However, Akaza and Rengoku's fight, as amazing as it is, feels like it comes out of nowhere in the movie. It certainly needs to be there, as it is the both the conclusion to their time on the train and the thematic conclusion of the ideas planted during the dream sequences. But without a break, Akaza just kind of appears as a last-minute enemy once Enmu is defeated. Putting this back into its original context makes it all feel much more natural. The break between episodes helps these sections of the story feel more separate, and things like episode previews and even some additional scenes to foreshadow Akaza's appearance help set up audience expectations. Spread across a few episodes of television, the Akaza fight is given room to breathe as a sort of mini-arc within the larger scope of Mugen Train.

All of this isn't to say that it was a mistake for Mugen Train to be made as a movie in the first place. Unlike most of Demon Slayer - which is about Tanjiro's journey - Mugen Train is first and foremost Rengoku's story, structured entirely around helping us understand his history and perspective. In additon to just being a fun and interesting character, Rengoku's contribution to the whole of Demon Slayer is pivotal. He's the most down-to-earth Hashira we've met thus far, and he provides a glimpse into Tanjiro's potential future, and the different choices he could make after meeting Rengoku and learning from his experiences. It's also fairly self-contained, taking place in a transitional part of Tanjiro's journey in a literal and figurative sense, so structurally it stands by itself in many ways. Finally, while Ufotable's standard of animation has always been gorgeous, they're at their best when given the time and production values of a feature film - if Mugen Train doesn't convince you, just take a look at their Garden of Sinners series or the Fate/stay night: Heaven's Feel trilogy.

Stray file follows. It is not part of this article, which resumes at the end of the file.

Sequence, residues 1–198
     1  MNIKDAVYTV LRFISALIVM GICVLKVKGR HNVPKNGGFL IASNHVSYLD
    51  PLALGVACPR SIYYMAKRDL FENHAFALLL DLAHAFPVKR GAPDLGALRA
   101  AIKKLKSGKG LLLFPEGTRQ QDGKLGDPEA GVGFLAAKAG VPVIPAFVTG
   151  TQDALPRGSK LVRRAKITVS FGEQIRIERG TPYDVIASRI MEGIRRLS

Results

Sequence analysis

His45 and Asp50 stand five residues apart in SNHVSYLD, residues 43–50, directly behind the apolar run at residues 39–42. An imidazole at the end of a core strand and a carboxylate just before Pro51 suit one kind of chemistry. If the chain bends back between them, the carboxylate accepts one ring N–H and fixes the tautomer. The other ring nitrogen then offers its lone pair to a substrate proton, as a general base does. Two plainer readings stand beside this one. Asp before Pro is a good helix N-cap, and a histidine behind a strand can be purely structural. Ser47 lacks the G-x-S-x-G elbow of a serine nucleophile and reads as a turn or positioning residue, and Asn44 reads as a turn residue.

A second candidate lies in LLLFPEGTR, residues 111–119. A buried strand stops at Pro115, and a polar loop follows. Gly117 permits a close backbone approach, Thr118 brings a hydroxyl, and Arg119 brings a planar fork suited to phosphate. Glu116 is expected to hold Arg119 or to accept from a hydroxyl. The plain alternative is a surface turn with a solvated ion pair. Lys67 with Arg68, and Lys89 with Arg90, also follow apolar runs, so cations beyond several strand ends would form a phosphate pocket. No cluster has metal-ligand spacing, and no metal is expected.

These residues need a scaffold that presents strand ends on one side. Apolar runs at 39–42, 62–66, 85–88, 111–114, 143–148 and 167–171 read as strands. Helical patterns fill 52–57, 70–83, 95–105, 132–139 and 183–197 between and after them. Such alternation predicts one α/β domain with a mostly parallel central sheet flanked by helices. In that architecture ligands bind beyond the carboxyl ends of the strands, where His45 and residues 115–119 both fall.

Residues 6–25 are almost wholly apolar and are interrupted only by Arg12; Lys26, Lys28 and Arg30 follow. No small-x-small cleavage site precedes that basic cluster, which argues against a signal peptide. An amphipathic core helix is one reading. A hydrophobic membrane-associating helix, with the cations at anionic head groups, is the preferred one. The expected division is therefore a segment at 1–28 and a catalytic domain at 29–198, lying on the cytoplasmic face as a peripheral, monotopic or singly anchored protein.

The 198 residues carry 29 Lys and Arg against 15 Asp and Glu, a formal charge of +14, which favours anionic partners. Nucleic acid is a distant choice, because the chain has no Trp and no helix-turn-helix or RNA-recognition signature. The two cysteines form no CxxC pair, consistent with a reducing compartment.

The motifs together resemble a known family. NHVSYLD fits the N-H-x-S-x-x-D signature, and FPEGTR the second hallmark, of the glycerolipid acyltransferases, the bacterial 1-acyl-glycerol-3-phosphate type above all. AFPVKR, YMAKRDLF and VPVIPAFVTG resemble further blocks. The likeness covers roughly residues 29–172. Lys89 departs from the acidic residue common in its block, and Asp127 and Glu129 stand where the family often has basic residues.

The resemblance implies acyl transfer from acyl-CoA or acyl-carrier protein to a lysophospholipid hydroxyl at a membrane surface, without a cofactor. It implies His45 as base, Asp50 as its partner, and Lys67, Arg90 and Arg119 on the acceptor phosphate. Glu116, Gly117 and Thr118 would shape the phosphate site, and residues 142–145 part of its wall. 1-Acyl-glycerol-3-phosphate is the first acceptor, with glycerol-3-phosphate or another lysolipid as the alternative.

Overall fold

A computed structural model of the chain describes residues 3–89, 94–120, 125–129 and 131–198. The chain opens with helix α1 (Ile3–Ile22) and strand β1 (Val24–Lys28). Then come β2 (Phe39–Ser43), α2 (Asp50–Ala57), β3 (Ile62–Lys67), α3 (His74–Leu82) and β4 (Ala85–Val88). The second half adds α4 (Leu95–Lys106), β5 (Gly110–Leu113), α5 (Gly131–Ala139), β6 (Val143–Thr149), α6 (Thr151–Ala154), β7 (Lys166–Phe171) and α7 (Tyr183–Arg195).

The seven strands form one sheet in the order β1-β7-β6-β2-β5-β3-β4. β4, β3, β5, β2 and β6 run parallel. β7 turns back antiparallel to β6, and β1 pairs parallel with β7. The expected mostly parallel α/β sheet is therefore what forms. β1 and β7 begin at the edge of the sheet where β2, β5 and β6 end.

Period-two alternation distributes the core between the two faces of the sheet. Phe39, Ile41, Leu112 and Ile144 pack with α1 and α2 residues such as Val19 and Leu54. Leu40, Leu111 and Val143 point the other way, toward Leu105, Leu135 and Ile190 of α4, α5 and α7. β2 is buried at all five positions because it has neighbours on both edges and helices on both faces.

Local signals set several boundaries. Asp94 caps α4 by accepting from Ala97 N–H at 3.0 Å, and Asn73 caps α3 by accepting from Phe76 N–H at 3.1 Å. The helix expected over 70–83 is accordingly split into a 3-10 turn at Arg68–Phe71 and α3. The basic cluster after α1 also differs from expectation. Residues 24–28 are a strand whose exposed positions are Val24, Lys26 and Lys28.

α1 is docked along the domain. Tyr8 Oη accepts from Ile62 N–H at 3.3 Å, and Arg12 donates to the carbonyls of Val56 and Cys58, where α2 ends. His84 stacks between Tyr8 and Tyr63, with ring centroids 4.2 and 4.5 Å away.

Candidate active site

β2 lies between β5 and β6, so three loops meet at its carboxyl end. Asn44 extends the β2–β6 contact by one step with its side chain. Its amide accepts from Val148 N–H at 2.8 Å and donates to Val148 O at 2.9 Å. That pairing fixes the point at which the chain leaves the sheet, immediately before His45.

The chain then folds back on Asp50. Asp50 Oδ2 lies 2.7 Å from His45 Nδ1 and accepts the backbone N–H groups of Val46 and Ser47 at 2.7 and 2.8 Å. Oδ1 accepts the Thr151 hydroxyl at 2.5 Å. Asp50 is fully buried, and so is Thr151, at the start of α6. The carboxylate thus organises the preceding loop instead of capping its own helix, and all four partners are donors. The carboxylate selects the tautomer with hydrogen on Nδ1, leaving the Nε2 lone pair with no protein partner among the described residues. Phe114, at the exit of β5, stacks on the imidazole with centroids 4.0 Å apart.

But really, that all just serves to make Mugen Train's TV cut feel more like the superior version. The higher-quality animation looks great on TV, and the movie was already paced similarly to the original season of the show, so the transition to 20-minute episodes is hardly felt. For future fans going through the series, there will be no awkward point where they're unsure of what they need to watch next after the first season - they can just go straight into Season 2, because the whole story will still be there. And, of course, if you still prefer the movie, you can simply skip the Mugen Train episodes of the show. Overall, despite the initial weirdness and slight disappointment in the decision to re-air it this way, Mugen Train is actually much better off in its new TV version, with the best of both worlds combined into one glorious package.

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About The Author
David Lynn (23 Articles Published)

David Lynn is a freelance writer and lifelong anime fan who, for better or worse, has been watching every seasonal anime to come out for over a decade now. When he isn't busy catching up on and writing about the newest cartoons, he can be found playing Fate/Grand Order and complaining about having no free time.